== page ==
How Often Can You File for Bankruptcy?
The waiting period between bankruptcies is based on the date the previous case was filed, not the discharge date, and whether you received a discharge.
If your previous case was a Chapter 7 and you received a discharge, you must wait eight years from the filing date to file another Chapter 7 or four years from the filing date to file a Chapter 13.
If your previous case was a Chapter 13 and you received a discharge, you must wait six years from the filing date to file a Chapter 7 or two years from the filing date to file another Chapter 13. Considering Chapter 13 Plans generally run for a minimum of three years, it is possible to get a discharge in a Chapter 13 and immediately refile another Chapter 13 case.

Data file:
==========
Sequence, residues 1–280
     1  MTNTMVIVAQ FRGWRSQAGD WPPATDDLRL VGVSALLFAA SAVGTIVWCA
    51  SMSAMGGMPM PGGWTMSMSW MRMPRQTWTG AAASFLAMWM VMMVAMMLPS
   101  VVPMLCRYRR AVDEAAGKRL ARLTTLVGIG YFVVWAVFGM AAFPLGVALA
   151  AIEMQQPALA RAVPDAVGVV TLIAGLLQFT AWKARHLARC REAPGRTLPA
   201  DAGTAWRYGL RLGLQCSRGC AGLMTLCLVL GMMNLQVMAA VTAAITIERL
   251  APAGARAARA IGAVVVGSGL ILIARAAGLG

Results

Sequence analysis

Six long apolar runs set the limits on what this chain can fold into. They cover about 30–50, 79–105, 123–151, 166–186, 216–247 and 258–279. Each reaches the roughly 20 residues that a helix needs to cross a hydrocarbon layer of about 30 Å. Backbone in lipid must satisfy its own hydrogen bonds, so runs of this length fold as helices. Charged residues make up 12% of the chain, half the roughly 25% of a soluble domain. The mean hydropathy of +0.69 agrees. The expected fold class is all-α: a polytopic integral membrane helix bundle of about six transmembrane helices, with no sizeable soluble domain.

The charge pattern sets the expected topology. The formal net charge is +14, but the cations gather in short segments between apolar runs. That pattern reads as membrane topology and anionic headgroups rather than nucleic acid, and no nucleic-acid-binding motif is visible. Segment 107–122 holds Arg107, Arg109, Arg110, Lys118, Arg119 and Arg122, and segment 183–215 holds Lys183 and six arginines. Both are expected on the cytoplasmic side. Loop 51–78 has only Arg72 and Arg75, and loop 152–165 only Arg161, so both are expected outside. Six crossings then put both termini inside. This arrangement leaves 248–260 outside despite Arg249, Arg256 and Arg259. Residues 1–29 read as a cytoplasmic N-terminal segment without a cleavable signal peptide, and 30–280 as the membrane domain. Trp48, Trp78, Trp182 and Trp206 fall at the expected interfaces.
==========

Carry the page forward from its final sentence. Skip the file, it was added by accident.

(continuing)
As with every rule, there are some exceptions. If, for example, your Chapter 13 paid 100% of the allowed unsecured claims or 70% of the allowed unsecured claims and you can show you gave your best effort in a Plan filed in good faith, you can file a subsequent Chapter 7 without waiting six years.
On occasion, it may be beneficial to file a Chapter 13 even if you are not eligible for a discharge. This may be an effective way to stop the foreclosure of your home and catch up the missed mortgage payments.
If you believe you may benefit from a bankruptcy filing, but you are not sure if you are eligible to file, contact one of our bankruptcy attorneys to discuss your options.